Anxiety and Cannabis: A Review of Recent Research
April 10, 2023
- Anxiety disorders are the most common mental health conditions in the United States, affecting 31% of the population, and are often underdiagnosed due to stigma.
- Anxiety disorders are undertreated - only 46% receiving treatment for this condition. Given costs and other barriers to treatment, many people turn to alternative ways to cope with anxiety, including using cannabis.
- While people commonly report using cannabis to effectively cope with anxiety, results from observational studies and clinical trials are inconclusive.
- THC appears to decrease anxiety at lower doses and increase anxiety at higher doses.
- CBD appears to decrease anxiety at all doses that have been tested.
- Pharmaceuticals, including cannabis, should not replace talk therapy, but rather used in combination with talk therapy.
Anxiety disorders have become one of the top conditions for receiving medical cannabis since becoming a qualifying condition for the Pennsylvania Medical Marijuana (PAMMJ) Program in 2019. Yet, the application of cannabis as a treatment for anxiety disorders has been a controversial issue in Pennsylvania. While the media coverage surrounding this has been largely negative, it is important to understand the broader context of why so many people are seeking out cannabis for their anxiety – and reporting that it does help.
Anxiety disorders are the most common mental health condition in the United States, affecting 31% of the population at some point in their lifetime while less than half ever receive treatment for their condition. The social stigma surrounding anxiety disorders are frequently cited as a reason why anxiety disorders are significantly under-diagnosed and under-treated. Moreover, since everyone deals with anxiety and stress to some degree as a normal part of daily life, anxiety is frequently swept under the rug which it can worsen. This is compounded by the lack of mental health professionals and a complex public and private health insurance system that does not reimburse mental healthcare providers directly, causing patients to jump through extra hoops without assurances their care will be covered by insurance. Furthermore, existing pharmaceutical therapies also come with mixed evidence while patients report less side effects as a main reason why they have replaced pharmaceuticals with cannabis to treat their medical conditions. While these pharmaceutical options may work for some, the side effects combined with the barriers of stigma and red tape to treatment cause some patients to turn to alternative treatments like cannabis for their anxiety. The research on cannabis as a treatment for anxiety is subject to change as it is very limited on a clinical level.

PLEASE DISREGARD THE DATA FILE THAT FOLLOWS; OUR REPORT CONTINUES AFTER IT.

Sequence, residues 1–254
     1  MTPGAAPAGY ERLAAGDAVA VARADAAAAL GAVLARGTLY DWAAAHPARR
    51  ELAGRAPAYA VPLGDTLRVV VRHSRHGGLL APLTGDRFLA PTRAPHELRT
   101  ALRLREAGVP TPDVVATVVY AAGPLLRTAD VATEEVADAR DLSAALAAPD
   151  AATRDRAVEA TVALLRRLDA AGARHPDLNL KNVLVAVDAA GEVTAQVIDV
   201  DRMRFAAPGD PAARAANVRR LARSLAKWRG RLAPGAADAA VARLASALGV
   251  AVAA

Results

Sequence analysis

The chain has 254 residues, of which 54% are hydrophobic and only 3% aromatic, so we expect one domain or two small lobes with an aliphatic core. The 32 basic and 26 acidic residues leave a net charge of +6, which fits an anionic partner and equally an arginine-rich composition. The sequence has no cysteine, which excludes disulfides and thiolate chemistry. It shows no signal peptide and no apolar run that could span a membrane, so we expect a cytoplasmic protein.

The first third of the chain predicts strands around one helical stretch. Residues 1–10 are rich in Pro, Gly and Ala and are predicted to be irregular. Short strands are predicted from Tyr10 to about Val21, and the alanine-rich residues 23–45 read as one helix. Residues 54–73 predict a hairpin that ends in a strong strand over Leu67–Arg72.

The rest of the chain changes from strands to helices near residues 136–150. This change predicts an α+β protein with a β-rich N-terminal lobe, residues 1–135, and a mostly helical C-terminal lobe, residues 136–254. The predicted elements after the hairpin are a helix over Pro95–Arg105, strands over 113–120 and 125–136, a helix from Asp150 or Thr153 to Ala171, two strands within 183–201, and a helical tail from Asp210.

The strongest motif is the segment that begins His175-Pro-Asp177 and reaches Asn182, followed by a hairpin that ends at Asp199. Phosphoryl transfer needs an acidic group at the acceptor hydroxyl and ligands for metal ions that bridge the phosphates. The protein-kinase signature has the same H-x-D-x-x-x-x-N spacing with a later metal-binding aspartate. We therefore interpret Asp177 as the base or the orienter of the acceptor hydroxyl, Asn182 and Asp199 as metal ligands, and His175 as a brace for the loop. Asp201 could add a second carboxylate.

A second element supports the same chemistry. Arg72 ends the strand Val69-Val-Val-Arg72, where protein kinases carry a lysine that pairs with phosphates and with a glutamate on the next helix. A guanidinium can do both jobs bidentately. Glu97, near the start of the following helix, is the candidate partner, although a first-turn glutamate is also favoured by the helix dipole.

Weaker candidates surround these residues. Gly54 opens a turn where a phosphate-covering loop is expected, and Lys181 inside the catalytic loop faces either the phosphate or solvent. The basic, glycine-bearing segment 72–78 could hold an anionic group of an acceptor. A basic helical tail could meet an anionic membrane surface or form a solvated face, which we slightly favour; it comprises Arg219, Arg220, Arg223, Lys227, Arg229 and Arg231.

The effectiveness of cannabis in treating anxiety has been concisely reviewed in a report from the University of Washington, which offers several general conclusions based upon a large body of research and helped contribute to this fact sheet. First, while Pennsylvania is one of the few states where anxiety disorder is a qualifying condition, medical cannabis patients and medicinal users across the U.S. commonly report using cannabis to effectively manage and treat their anxiety. However, due to the complexities of cannabis compounds and the federal legal status of cannabis, clinical evidence demonstrating that cannabis can effectively treat anxiety is limited. The report acknowledges that observational studies have also yielded mixed results, though a potential limitation is that some studies only consider THC and CBD and do not always analyze the specific strains, ratios of cannabinoid profiles, and terpene profiles to determine dosing and subsequent effects. Overall, THC appears to decrease anxiety at lower doses and increase anxiety at higher doses while CBD appears to decrease anxiety at all doses that have been tested. Few studies have examined cannabis products with different ratios of THC and CBD, e.g., 2:1, 1:1.
Ultimately, research to date indicates a need for additional research on cannabis as a treatment for anxiety disorders. Like pharmaceuticals used for anxiety, cannabis should not serve as a replacement for talk therapy and patients should consult with a state certified cannabis clinician before using for anxiety.
Click here to download the fact sheet.